Ehsan Kamrani

05-17-2005, 10:11 PM

Although i have no problem with the OpenGL programs, but can you explain the differences of the *world coordinate* and *object coordinate* terms?

-Ehsan-

-Ehsan-

View Full Version : *world coordinate* vs *object coordinate*

Ehsan Kamrani

05-17-2005, 10:11 PM

Although i have no problem with the OpenGL programs, but can you explain the differences of the *world coordinate* and *object coordinate* terms?

-Ehsan-

-Ehsan-

jide

05-17-2005, 11:41 PM

When we say world coordinate, we mean the origin and the default axis with it: O(i,j,k).

When we say object coordinate, we mean a new origin located at an object's position (P) and with axis regarding the object's orientation: P(i',j',k').

i and i', j and j' and k and k' are not forcelly colinear because of some possible rotations from O to P. But both O(i,j,k) and P(i',j',k') shoud be direct orthonormal basis.

hope that helps.

When we say object coordinate, we mean a new origin located at an object's position (P) and with axis regarding the object's orientation: P(i',j',k').

i and i', j and j' and k and k' are not forcelly colinear because of some possible rotations from O to P. But both O(i,j,k) and P(i',j',k') shoud be direct orthonormal basis.

hope that helps.

Relic

05-18-2005, 02:03 AM

See OpenGL 2.0 spec chapter 2.11:

"Figure 2.6 diagrams the sequence of transformations that are applied to vertices.

The vertex coordinates that are presented to the GL are termed object coordinates.

The model-view matrix is applied to these coordinates to yield eye coordinates.

Then another matrix, called the projection matrix, is applied to eye

coordinates to yield clip coordinates. A perspective division is carried out on clip

coordinates to yield normalized device coordinates. A final viewport transformation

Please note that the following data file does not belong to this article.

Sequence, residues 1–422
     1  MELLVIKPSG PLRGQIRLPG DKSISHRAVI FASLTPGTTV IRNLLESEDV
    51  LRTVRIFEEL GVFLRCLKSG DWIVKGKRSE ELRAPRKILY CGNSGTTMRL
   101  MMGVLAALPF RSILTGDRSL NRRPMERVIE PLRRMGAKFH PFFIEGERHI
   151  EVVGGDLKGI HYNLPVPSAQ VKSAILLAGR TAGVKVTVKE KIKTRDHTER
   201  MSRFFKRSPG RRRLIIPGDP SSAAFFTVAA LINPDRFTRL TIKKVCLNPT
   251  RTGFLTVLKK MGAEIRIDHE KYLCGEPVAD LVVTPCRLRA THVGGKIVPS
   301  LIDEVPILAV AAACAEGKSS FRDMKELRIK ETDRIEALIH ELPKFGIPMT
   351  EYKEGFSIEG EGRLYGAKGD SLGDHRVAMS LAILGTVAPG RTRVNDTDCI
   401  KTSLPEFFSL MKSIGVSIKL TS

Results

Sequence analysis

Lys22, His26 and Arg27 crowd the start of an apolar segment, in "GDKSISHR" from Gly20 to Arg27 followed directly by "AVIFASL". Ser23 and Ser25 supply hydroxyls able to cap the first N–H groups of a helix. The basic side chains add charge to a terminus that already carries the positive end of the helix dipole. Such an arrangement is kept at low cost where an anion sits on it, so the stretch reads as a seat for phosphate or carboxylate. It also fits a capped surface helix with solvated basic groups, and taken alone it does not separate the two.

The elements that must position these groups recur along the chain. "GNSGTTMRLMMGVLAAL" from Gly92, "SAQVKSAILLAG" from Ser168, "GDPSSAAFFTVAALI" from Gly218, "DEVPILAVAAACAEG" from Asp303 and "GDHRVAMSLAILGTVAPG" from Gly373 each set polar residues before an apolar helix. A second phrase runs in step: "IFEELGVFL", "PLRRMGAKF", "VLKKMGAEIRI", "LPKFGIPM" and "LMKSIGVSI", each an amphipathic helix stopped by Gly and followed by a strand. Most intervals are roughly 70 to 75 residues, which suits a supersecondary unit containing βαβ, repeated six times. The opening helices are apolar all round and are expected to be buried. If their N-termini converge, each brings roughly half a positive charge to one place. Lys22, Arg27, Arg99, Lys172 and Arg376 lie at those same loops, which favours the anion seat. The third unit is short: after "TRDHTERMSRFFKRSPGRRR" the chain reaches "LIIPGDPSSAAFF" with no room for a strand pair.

is applied to convert these coordinates into window coordinates."

The term world coordinates is not used there. You could think of world coordinates as the coordinates of all your geometry before the final positioning of the viewer, but OpenGL doesn't do this intermediate step.

Just think of eye coordintes as world coordinates. They are in the same system.

"Figure 2.6 diagrams the sequence of transformations that are applied to vertices.

The vertex coordinates that are presented to the GL are termed object coordinates.

The model-view matrix is applied to these coordinates to yield eye coordinates.

Then another matrix, called the projection matrix, is applied to eye

coordinates to yield clip coordinates. A perspective division is carried out on clip

coordinates to yield normalized device coordinates. A final viewport transformation

is applied to convert these coordinates into window coordinates."

The term world coordinates is not used there. You could think of world coordinates as the coordinates of all your geometry before the final positioning of the viewer, but OpenGL doesn't do this intermediate step.

Just think of eye coordintes as world coordinates. They are in the same system.

Ehsan Kamrani

05-18-2005, 06:08 AM

So we can have many object coordinates, since we can use from many glPushMatrix()/glPopMatrix() pairs.But we have only one coordinate system.

...And i understand. those steps are the important steps in the OpenGL pipeline: transformation, clipping, projection and rasterization.

And i know the meaning of the eye coordinates.It's the defenition that programmers use to understand the meaning of the camera. camera in just some mathematics.There's no, as an example, a camera matrix:)

Thanks a bunch

-Ehsan-

...And i understand. those steps are the important steps in the OpenGL pipeline: transformation, clipping, projection and rasterization.

And i know the meaning of the eye coordinates.It's the defenition that programmers use to understand the meaning of the camera. camera in just some mathematics.There's no, as an example, a camera matrix:)

Thanks a bunch

-Ehsan-

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